29. I did these same exact things! The rest of my friends would play the MASH fortune telling game, and I would always draw the home they would live in. I’d forgotten about that until just now – too funny! I don’t think I have of those plans anymore though.

  30. Amazing how many of us liked to rearrange furniture & draw floorplans when we were younger. I never had a real dollhouse, but would make rooms in shoeboxes , & decorate them with cardboard & paper furniture that I would spend hours constructing. I am now 65, & finally purchased a real dollhouse which I am thoroughly enjoying remodeling &furnishing. Would love to see a post with your childhood dollhouse – enjoyed the one about the furniture.

  31. I did the same thing! And I’d close my eyes while riding in the car or trying to get to sleep and redesign all my friend’s homes in my mind – complete with wall colors and furniture in place. I also designed elaborate stables for all my Breyer ponies and would then try to build them in the backyard with twigs and cardboard boxes. Great mind exercises!

  32. I also designed my whole future house as a kid and an orphanage I was planning to run one day. Life ended up to be a bit different. 🙂

  33. That sure brings back memories! I started “designing” houses when I was in grade school. My dollhouse, Legos, Lincoln Logs were solely used for “house making”. When I was four we moved to the country and there was an unused chicken house. My Dad gave me that whole house – which was actually large enough to be a two room house. I spent my entire childhood working on it, building furniture, having a schoolhouse, etc. None of my friends could believe it was mine and my sisters didn’t care about such things, but it was the love of my young life. I drew plans for it and my bedroom, endlessly rearranged my room, my friend’s rooms etc. I do the same thing now- just on a larger scale. Your dollhouse and the little furniture are the most beautiful I’ve ever seen.

  34. I love it! I did the same thing starting in grade school and my homes were large and had fantastic staircases and wooden room dividers with pillars which donned the homes of several of my friends who came from large families. Like you, there was no attention paid to load bearing walls and I didn’t even have graph paper. Not even sure if the second (or third, in some cases) floors even fit on the lower level! Anyway, I didn’t save mine, nor did I follow through (again, math) regarding college major but thank you for sharing yours and bringing back such memories!

  35. Those would be super fun framed and in your studio. Kinda reminds you of where you were to where you are now! Great memories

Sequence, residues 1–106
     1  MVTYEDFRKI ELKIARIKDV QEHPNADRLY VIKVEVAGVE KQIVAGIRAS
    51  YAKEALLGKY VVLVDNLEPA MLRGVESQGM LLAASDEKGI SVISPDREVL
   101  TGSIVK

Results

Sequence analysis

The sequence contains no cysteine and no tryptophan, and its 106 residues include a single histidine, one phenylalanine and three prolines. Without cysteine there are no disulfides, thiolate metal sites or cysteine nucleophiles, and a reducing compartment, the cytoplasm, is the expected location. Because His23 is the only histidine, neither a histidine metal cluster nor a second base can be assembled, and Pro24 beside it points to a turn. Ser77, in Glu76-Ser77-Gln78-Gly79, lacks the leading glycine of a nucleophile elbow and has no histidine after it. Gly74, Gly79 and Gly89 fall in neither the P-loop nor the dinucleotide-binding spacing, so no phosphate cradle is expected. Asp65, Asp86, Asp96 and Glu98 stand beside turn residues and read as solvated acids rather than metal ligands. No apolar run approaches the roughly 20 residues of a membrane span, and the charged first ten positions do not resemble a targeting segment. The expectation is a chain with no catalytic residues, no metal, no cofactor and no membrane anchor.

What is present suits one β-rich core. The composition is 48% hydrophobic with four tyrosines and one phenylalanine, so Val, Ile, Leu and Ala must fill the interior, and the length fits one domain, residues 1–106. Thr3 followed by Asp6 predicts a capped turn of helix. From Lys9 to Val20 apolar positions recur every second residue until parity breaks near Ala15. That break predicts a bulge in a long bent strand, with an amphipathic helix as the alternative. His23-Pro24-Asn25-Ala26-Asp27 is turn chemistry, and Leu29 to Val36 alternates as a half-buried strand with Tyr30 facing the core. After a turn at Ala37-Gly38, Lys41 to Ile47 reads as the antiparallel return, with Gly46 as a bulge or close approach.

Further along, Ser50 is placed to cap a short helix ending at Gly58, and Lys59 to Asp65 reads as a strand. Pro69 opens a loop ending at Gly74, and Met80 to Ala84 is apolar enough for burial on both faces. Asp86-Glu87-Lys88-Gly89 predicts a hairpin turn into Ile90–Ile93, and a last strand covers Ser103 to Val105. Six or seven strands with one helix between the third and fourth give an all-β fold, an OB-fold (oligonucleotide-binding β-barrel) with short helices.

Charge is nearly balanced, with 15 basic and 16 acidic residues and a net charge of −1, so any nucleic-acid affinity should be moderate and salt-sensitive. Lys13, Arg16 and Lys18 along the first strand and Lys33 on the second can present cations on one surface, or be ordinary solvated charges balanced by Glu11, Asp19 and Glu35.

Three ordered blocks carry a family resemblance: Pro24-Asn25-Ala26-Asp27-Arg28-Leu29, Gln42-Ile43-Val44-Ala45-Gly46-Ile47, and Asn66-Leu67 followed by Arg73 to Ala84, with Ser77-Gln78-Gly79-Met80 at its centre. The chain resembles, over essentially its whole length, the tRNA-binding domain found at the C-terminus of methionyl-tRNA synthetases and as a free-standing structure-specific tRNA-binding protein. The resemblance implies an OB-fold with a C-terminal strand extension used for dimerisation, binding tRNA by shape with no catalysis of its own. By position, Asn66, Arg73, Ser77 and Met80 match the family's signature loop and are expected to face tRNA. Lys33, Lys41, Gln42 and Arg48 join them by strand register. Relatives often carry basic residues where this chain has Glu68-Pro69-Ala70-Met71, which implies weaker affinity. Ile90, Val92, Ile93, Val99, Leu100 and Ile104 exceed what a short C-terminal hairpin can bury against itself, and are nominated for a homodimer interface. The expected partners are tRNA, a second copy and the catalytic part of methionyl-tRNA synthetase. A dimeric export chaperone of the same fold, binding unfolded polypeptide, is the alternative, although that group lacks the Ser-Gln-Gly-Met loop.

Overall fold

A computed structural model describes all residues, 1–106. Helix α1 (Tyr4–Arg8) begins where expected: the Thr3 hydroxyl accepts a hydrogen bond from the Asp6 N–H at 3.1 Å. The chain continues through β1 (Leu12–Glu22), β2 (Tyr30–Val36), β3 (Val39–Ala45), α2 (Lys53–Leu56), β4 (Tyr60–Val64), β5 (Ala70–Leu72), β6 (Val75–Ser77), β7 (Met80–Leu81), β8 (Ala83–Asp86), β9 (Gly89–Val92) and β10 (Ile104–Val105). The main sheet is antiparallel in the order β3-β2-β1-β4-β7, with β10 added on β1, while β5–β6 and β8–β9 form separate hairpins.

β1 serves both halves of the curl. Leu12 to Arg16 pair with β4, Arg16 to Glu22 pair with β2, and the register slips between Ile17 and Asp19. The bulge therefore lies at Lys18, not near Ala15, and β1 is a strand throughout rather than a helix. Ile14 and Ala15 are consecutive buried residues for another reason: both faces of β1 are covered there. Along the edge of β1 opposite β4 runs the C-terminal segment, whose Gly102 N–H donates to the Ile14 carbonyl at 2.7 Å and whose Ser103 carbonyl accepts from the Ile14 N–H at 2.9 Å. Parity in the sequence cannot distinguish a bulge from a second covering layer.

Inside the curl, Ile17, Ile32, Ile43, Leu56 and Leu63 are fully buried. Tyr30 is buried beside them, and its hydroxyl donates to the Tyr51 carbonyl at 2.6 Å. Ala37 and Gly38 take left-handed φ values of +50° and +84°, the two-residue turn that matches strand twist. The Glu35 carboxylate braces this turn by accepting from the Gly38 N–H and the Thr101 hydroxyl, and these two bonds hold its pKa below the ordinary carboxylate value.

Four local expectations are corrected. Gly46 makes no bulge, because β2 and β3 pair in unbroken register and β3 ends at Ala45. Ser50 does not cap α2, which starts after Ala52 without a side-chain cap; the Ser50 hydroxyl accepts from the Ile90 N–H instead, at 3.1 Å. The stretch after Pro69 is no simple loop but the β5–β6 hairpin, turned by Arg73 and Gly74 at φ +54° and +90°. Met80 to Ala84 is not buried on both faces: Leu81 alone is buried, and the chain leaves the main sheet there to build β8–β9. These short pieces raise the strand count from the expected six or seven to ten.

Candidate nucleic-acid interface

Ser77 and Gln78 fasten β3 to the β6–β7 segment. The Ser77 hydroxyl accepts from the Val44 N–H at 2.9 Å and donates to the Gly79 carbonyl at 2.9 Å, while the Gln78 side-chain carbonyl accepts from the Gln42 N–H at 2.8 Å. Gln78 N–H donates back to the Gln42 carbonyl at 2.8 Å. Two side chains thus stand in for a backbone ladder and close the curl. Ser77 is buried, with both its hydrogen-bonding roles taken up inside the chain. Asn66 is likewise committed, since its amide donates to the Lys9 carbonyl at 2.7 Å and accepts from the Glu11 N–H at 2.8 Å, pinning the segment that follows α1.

36. I began sewing as a child before I “learned how”. My treasure is my childhood troll dolls packed away in their circa 1967 troll cabin and their felt and polyester double knit wardrobe. But the real treasure is the pattern book that I made ala Simplicity patterns, of all the fashions available to “clients”. Over 50 years later, I have managed a fabric store, sewn clothing and costumes for three generations of family, and made doll clothes and many, many home decorating projects. Isn’t it fun to look back and see the beginnings of a lifelong passion!

  37. I am astounded that this many people here have had the same exact childhood loves of making/imagining houses in some form or another. I am no different! I used blocks, Legos, Lincoln Logs, had dollhouses, furniture, Barbie houses/furniture, Fisher-Price houses and people and furniture, used sticks in dirt, drew dream homes on paper, absolutely everything. I wanted to be an architect but did engineering instead, so unlike most here, I had no problem with the math! Nevertheless, the highlight of all was when my mom used to choose “special” days when she would get out all of HER old doll furniture and open up the dining room table and let my sister and I play with it for hours on end. She loved it as much as we did. We lived in a gorgeous house that my mom and dad built with their own hands and my mom loved to arrange and rearrange the rooms. I learned early on that no layout was static, you could change stuff around whenever you felt like it. Now as an adult I like to have lightweight furnishings so that I am able to move them without much assistance! I still have all my grade school dream house drawings too.

  38. How wonderful to have found those drawings back (all my childhood drawings and work from Artschool was destroyed in a cityfire 🙁 )
    Your story brings me back to the time I built an entire science fiction space centre complete with spaceships for my barbie : ) (I was a great Yoko Tsuno fan=French comicbookhero ) on the attic which was already then my studio, no clear piece of plastic or anything else I found on the attic was safe for my creativity; I made a spacehelmet out of the plastic easter ball packing I got from grandma. I even built a working elevator with the help of rubberbands on the side of the worktable. Unfortunately I have no photo’s from that time. before the spacecentre I built a barbiedollhouse in my closet; and made rollerscates from curtainwheels and an old white bag from my mother. I was always drawings things too as a child but the3 D things I built I made inspired by what I could find in our home. Apart from that I was always trying to decorate my room to my liking(my parents never could fullfill my dream of a white and red room ) so I taped the heating with red tape and got my father to paint the walls white.
    Now I life in my dream-home I have pimped up a lot of furniture, built an alcove and have been building dollhouses from scratch the last months. I was thinking last week if you were ever interested in dollhouses because I use the inspiration I get from your blog in my tiny rooms. Your old German dollhouse is beautiful 🙂
    It is so much fun to read all the creative youth memories here!